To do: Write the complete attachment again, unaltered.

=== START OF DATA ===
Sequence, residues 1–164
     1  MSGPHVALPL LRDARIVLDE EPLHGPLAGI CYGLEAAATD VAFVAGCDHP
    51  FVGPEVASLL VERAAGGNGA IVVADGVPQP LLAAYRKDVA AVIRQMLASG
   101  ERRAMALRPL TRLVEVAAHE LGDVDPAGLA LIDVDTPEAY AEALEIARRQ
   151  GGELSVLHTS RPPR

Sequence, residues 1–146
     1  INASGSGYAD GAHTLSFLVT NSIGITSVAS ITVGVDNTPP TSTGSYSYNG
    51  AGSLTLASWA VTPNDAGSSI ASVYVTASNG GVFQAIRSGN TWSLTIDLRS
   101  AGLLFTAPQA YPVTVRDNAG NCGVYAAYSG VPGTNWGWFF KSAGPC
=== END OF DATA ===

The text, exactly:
Sequence, residues 1–164
     1  MSGPHVALPL LRDARIVLDE EPLHGPLAGI CYGLEAAATD VAFVAGCDHP
    51  FVGPEVASLL VERAAGGNGA IVVADGVPQP LLAAYRKDVA AVIRQMLASG
   101  ERRAMALRPL TRLVEVAAHE LGDVDPAGLA LIDVDTPEAY AEALEIARRQ
   151  GGELSVLHTS RPPR

Sequence, residues 1–146
     1  INASGSGYAD GAHTLSFLVT NSIGITSVAS ITVGVDNTPP TSTGSYSYNG
    51  AGSLTLASWA VTPNDAGSSI ASVYVTASNG GVFQAIRSGN TWSLTIDLRS
   101  AGLLFTAPQA YPVTVRDNAG NCGVYAAYSG VPGTNWGWFF KSAGPC